Leman calls on such authorities as McCall's magazine to bolster his assertion that the order in which children are born into a family is the predominant molder of character. Education, alcoholism, family violence, bereavement, divorce and television have also been known to shape lives; Leman, however, gives them short shrift.
Under Leman's system, those first-date attempts to dislodge information about astrological signs, social status and social disease should also include some gentle grilling about siblings. Otherwise, the last-born sister of girls could find herself dating the oldest brother of sisters, or, even worse, another "Lastborn"!
If Leman's narrative voice were a suit it would be a loud plaid. It is the sort of voice likely to address its female readers as "gals." It is the voice of a storefront preacher or a door-to-door salesman, a patter combining cornpone hometruths with flashes of shrewdness. There are frequent admiring references to daytime talk show hosts and, indeed, these programs would appear to be Leman's logical ports of call when Were You Born for Each Other? hits the bookstores.
After more than 200 pages of pop psychology, Leman closes his book with a moving tribute to unconditional love. Here he quotes Corinthians, not McCall's. And it is when he trades his soapbox for a pulpit that Leman's voice rings truest.
Technically, Single File belongs to a slightly different, though equally popular, genre of how-to books aimed not at snaring men but at living without them. Susan Deitz writes for every woman who has ever mistaken men for destiny, and who has then been aghast to find herself deprived of both.
Susan Deitz, a syndicated columnist, and Anne Cassidy offer a road map to self-sufficiency. Here are 317 pages of self-affirming exercises, empowerment exercises, meditation exercises, self-love exercises. Here are the tactics for waging hand-to-hand combat with loneliness, low self-esteem and despair.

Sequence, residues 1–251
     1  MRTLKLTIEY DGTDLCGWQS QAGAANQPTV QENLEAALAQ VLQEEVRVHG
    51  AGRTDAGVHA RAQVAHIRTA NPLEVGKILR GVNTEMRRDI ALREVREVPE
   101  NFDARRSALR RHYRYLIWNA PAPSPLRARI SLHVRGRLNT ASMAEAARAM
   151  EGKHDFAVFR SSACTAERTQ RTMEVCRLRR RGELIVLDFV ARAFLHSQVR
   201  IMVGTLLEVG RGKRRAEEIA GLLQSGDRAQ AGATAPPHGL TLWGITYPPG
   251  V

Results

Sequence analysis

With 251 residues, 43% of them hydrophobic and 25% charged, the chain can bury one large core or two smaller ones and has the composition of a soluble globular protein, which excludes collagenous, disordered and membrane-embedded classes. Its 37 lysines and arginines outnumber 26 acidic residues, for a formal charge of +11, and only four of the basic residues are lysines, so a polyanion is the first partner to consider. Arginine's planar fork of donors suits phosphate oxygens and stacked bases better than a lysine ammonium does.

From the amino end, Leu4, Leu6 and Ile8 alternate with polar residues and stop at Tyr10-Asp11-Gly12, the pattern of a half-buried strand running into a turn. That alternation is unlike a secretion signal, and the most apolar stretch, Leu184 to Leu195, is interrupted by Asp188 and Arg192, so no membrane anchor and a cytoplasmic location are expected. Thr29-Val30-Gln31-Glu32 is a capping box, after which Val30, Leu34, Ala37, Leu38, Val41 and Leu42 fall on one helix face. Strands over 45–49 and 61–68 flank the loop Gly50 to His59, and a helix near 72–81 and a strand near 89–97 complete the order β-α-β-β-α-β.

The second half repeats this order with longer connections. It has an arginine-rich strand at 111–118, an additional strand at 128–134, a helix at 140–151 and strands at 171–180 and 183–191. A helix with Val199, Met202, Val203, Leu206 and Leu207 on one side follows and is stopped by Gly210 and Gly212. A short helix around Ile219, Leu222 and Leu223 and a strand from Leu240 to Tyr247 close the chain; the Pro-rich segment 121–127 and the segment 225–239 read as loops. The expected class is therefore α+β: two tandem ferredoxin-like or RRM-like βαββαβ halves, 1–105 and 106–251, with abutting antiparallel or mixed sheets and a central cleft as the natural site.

Their book is thoughtful, well-intentioned and based on Deitz's own experiences as a widow, singles club leader and lecturer. It is also intensely, and unintentionally, sad. For those single women incapable of imagining life without His and Her bath towels, happiness can be very hard-won indeed. Its cost. Eternal vigilance. THESE BOOKS are all painful to read. They could not exist in such supply if they were not in such demand.
Where are all these desperate, man-starved women? The sustained popularity of this genre suggests they are everywhere, in Everywoman. They appeal to every woman who feels incomplete without a relationship, and every woman who feels incomplete within one.
And yet, most single women over 30 seem perfectly content with their lives. They shuttle good-naturedly enough between work and family and friends, who often as not become an extended family. Sometimes romance is one dish on that smorgasbord; sometimes it is not.